The saliva proteome of dogs: variations within and between breeds and between species

Sabah Pasha, Taichi Inui, Iain Chapple, Stephen Harris, Lucy Holcombe, Melissa Grant

Research output: Contribution to journalArticlepeer-review

13 Citations (Scopus)
236 Downloads (Pure)


Saliva is a complex multifunctional fluid that bathes the oral cavity to assist in soft and hard tissue maintenance, lubrication, buffering, defence against microbes and initiating digestion of foods. It has been extensively characterised in humans but its protein composition in dogs remains poorly characterised, yet could explain (patho) physiological differences between individuals, breeds and with humans. This pilot discovery study aimed to characterise canine saliva from two breeds, Labrador retrievers and Beagles, and to compare this with human saliva using quantitative mass spectrometry. The analysis demonstrated considerable inter-individual variation and difference between breeds, however these were small in comparison to the differences between species. Functional mapping suggested roles of detected proteins similar to those found in human saliva with the exception of the initiation of digestion as salivary amylase was lacking or at very low abundance in canine saliva samples. Many potential anti-microbial proteins were detected agreeing with the notion that the oral cavity is under continuous microbial challenge.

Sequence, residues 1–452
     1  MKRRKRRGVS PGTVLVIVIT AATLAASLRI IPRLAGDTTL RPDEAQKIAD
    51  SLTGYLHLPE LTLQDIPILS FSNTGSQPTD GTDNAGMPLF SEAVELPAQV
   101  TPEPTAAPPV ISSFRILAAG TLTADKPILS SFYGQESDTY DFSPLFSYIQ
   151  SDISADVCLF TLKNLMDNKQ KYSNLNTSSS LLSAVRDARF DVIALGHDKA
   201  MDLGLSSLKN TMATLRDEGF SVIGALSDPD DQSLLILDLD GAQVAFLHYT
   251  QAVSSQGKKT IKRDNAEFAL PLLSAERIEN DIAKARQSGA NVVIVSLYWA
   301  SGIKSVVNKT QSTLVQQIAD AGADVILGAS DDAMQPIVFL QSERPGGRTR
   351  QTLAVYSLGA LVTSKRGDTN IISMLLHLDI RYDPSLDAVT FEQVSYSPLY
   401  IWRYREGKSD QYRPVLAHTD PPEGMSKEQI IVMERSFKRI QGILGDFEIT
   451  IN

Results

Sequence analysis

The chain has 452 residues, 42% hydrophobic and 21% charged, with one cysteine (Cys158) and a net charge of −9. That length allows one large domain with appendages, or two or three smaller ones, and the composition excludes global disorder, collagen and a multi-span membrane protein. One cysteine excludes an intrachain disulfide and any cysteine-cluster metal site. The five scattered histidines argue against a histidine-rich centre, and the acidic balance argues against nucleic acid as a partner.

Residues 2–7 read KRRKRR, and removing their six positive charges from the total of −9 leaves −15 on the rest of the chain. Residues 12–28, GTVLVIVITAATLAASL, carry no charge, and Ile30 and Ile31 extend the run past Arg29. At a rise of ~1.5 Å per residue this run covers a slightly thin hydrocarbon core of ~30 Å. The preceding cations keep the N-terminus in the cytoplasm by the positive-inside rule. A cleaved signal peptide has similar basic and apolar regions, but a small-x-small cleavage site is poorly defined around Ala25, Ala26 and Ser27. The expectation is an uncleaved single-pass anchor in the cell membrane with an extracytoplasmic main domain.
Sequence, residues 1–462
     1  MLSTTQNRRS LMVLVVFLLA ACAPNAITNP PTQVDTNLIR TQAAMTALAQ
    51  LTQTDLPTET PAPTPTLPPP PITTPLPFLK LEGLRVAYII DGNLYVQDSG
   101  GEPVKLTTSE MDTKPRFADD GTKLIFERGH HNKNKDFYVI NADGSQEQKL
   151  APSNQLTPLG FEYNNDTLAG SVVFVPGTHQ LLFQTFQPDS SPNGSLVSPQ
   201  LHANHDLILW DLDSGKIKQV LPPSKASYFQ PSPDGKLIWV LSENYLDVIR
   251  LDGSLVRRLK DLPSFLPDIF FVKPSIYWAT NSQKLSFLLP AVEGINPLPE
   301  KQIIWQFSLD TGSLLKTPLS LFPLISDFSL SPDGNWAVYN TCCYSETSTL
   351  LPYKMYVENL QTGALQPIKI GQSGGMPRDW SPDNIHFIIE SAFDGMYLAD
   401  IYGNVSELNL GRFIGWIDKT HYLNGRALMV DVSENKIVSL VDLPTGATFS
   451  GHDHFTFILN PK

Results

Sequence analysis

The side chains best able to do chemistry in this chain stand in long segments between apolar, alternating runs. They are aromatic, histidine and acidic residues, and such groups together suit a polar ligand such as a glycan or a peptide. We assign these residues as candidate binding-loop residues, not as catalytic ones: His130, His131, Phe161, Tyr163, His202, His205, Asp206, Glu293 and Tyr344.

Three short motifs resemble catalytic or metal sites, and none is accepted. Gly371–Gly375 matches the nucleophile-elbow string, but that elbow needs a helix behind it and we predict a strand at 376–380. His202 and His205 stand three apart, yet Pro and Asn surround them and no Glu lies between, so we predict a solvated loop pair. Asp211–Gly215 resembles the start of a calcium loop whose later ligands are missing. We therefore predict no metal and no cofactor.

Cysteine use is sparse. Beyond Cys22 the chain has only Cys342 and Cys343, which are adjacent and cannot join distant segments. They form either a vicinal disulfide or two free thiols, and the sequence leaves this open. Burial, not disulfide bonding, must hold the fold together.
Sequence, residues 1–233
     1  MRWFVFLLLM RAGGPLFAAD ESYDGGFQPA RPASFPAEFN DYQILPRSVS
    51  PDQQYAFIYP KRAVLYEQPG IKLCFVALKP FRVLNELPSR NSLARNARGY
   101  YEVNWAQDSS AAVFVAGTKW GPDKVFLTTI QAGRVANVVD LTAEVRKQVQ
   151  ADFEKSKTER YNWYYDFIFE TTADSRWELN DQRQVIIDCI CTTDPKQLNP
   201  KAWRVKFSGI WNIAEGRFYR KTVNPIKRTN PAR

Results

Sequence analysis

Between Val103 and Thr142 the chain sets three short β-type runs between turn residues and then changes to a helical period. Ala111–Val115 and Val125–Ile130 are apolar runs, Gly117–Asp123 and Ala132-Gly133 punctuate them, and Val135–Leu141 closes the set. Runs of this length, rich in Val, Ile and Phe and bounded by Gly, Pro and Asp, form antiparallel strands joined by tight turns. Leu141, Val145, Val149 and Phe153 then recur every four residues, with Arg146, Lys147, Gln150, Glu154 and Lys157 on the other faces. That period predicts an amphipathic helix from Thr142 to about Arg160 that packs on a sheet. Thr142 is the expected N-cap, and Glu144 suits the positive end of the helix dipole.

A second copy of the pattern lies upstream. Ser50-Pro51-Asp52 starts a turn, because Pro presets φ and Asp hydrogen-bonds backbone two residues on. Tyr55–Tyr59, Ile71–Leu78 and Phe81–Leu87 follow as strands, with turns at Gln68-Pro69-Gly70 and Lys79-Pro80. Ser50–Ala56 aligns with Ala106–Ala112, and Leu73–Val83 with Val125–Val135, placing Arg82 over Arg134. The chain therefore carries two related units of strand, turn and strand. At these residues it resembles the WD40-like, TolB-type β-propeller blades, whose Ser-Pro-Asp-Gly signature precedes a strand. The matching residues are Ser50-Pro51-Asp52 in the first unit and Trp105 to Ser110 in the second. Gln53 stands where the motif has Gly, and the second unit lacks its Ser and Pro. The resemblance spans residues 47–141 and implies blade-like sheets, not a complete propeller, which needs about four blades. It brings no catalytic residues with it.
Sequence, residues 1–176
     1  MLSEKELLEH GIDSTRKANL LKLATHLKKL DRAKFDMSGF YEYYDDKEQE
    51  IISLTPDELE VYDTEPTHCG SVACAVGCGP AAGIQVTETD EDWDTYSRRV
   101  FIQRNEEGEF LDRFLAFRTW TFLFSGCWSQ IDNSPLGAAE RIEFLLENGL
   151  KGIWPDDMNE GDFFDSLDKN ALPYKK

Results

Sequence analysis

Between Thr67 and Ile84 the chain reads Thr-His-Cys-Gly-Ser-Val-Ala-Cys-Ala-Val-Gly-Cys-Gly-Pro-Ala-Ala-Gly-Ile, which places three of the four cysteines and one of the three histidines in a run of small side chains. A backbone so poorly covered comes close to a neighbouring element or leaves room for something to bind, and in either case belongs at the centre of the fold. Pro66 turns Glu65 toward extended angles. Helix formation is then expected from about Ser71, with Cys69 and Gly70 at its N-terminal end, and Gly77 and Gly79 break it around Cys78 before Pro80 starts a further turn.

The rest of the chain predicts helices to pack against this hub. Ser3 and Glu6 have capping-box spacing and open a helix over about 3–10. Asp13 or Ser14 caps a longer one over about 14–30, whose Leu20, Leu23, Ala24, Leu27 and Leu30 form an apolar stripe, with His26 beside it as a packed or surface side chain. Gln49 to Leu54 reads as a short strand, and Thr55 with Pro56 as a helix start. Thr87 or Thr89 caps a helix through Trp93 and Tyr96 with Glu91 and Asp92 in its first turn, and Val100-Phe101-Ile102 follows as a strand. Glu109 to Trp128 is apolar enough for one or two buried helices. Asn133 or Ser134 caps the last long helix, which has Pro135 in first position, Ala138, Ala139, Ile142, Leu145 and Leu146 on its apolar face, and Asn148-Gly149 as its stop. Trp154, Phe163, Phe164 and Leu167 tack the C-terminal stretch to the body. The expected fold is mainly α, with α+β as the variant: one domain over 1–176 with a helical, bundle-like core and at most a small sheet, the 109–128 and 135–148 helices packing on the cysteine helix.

Original languageEnglish
Article number1700293
Number of pages7
Issue number3-4
Early online date12 Jan 2018
Publication statusPublished - Feb 2018


  • Saliva
  • dog
  • Protein
  • Proteomics
  • breed


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